The Mortality Surface approach is relatively complex and involves a number of steps. In this study, it was implemented with a VBA subroutine, though it is possible to set out the calculations in a spreadsheet in a number of steps without any code. First, the national mortality surface was created using past and projected life table nLx values. Then, base period scaling factors of regional to national life expectancy at birth values by sex were calculated. Regional life expectancy forecasts were created by multiplying national life expectancy forecasts by the scaling factors. Appropriate nLx values were then picked out of the mortality surface corresponding to each projected life expectancy at birth value. This is the most complex part because Excel formulas must be created to select nLx values which correspond with each projected life expectancy at birth assumption. Period-cohort death rates can then be obtained from the interpolated nLx values.

The Brass Relational method is also relatively complex. It requires base period lx values for both national and regional populations. The logits of regional lx values are regressed against those of the national population to obtain the alpha and beta parameters using Excel = intercept() and = slope() commands. These parameters are assumed fixed into the future and are used to obtain logits of regional lx values in the future. These are then converted back to lx, and then using life table calculations nLx values can be obtained. Finally, period-cohort death rates are obtained from the nLx values.

The ease-of-calculation evaluation presented here is a subjective assessment, and it is of course the case that such an assessment will vary from one analyst to another. It will also depend to a large extent on whether the calculations are undertaken from scratch, or whether a pre-prepared spreadsheet template, script, or programme is available to perform the calculations.

Ease of assumption setting and scenario creation

Table 4 summarises the ease of assumption setting and scenario creation for the various methods. The National Death Rates method, by definition, sets all regional death rates equal to the national death rate forecasts, so it is not really possible to incorporate alternative regional assumptions or scenarios. The SMR Scaling, Broad Age SMR Scaling, Brass Relational and Mortality Surface methods can incorporate region-specific assumptions through alternative SMRs, life expectancy at birth inputs, and α and β parameters (Brass Relational model). The remaining methods have no obvious way of incorporating alternative assumptions or scenarios. None of the methods contain in-built mechanisms to easily create alternative assumptions or scenarios by adjusting, for example, a mortality convergence parameter. Additional scenario creation work would be necessary to achieve this (e.g. Rees et al. 2012).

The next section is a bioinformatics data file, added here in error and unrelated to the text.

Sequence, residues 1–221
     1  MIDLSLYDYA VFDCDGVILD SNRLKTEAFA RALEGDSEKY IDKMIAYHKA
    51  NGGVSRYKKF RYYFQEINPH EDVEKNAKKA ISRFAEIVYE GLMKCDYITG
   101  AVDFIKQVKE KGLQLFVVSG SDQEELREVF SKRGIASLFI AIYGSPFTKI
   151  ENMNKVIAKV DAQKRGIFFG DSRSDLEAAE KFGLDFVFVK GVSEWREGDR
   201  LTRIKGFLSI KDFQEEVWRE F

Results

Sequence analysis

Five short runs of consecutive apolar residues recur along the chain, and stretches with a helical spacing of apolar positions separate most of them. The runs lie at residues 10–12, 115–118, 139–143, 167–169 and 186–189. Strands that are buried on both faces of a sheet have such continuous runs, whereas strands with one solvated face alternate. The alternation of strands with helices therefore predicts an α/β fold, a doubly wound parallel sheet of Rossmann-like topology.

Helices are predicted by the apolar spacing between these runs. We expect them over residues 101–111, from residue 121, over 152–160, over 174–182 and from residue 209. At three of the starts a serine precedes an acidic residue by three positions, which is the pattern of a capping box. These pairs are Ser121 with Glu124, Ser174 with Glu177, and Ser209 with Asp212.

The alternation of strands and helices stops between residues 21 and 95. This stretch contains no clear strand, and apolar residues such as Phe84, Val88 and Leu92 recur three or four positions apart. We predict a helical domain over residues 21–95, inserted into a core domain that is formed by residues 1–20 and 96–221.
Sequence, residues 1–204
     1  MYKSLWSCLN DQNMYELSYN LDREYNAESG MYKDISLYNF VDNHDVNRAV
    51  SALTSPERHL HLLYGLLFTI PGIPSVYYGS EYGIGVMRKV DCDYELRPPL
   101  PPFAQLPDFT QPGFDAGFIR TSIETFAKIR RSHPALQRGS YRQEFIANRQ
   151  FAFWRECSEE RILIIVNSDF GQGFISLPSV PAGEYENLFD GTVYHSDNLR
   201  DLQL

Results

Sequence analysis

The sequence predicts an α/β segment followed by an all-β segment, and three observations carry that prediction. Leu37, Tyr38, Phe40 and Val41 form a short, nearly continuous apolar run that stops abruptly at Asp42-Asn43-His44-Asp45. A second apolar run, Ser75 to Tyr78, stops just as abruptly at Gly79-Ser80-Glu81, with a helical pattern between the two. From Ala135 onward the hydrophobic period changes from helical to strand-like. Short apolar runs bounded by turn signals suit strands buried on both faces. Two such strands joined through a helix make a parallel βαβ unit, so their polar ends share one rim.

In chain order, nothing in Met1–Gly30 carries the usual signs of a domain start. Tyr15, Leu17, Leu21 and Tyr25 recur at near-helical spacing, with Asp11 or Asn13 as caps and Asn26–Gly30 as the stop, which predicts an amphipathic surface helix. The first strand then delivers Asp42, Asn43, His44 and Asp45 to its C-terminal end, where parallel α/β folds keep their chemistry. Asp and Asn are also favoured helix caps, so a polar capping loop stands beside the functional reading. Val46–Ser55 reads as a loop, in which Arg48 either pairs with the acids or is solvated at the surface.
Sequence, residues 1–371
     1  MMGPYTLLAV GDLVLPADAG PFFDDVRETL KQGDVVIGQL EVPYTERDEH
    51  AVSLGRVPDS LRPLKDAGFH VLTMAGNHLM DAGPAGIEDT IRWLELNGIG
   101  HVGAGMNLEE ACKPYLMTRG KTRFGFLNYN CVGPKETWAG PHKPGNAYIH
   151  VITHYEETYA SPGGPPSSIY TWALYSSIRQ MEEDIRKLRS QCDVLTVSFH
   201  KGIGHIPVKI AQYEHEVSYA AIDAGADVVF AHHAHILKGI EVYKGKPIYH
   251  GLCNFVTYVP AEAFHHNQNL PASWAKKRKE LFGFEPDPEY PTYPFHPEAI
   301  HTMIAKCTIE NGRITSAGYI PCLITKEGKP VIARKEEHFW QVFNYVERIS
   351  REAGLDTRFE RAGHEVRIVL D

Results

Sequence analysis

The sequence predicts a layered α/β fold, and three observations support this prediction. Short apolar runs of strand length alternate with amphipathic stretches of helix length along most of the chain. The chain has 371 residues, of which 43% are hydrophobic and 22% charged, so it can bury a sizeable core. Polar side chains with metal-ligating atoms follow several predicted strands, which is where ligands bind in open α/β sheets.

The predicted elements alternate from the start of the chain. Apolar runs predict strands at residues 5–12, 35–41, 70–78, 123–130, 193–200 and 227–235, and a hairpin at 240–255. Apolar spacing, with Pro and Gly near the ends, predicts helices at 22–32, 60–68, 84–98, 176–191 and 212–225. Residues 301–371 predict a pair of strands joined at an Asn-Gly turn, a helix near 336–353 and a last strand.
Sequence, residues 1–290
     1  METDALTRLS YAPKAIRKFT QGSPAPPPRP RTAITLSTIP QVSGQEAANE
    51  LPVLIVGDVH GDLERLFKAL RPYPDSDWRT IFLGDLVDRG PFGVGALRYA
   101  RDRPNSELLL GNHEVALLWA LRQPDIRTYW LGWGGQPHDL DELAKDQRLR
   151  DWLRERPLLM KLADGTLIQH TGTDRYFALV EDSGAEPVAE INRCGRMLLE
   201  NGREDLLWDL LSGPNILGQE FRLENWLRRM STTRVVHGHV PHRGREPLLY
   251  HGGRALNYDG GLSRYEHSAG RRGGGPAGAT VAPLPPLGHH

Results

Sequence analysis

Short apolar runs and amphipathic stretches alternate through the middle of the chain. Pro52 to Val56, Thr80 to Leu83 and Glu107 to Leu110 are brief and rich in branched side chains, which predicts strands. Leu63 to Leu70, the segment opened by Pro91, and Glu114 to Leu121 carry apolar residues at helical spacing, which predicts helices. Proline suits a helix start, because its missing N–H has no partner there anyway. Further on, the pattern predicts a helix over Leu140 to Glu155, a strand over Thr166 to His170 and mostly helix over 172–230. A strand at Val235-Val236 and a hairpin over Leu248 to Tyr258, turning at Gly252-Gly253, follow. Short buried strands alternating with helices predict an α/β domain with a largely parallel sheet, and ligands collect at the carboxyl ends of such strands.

Table 4 Relative ease of assumption setting and scenario creation of the eight regional mortality forecast methods

Plausibility of projected regional death rates

Only one method produced a forecast death rate which exceeded 0.4. The SMR Scaling method produced a death rate above 0.4 in the highest age period cohort for Northern Territory Outback males. This is a risk with the SMR Scaling method in regions with high SMRs because national mortality rates at every age are multiplied by the one SMR to give the estimated regional mortality rates. Figure 1 illustrates observed Northern Territory Outback male death rates in 2006–2011 together with those projected by the SMR Scaling method. In this case, scaling by a one-size-fits-all SMR results in death rates which are too low in the younger and middle age groups and too high in the older age groups. The Broad Age SMR Scaling method can, in theory, also produce death rates of greater than 0.4 but because SMRs are calculated for several broad age ranges this problem is much less likely to occur in practice.

Fig. 1
figure 1

Observed and projected (SMR Scaling) mortality rates for Northern Territory Outback males, 2006–2011. Source: observed mortality age schedule calculated from ABS data

No methods produced death rates of zero in this study, but it is worth noting that the Rate Ratio Scaling method is susceptible to producing them. When there are no deaths in one particular period-cohort in a region in the base period the rate ratio will be zero, and the resulting projected death rate will therefore also be zero. The theoretical underlying death rate is unlikely to be zero. Regions with smaller populations, with small numbers of deaths, will be at greater risk of this occurring. The Broad Age Rate Ratio Scaling is much less prone to this issue due to the use of broad age group rate ratios which are less likely to be zero. Similarly, the smoothing of rate ratios in the TOPALS method makes the possibility of a zero death rate less likely.

The National Death Rates approach, where all projected regional death rates are set equal to national death rates, is a very safe option in that all regional death rates will be plausible (so long as the national mortality forecast is competent). The Mortality Surface method is also safe in that all projected regional death rates will fall within the range of the national mortality surface. The Brass Relational method is a similarly good option in this regard because all regional mortality age profiles consist of adjusted versions of the national profile using level (α) and slope (β) parameters.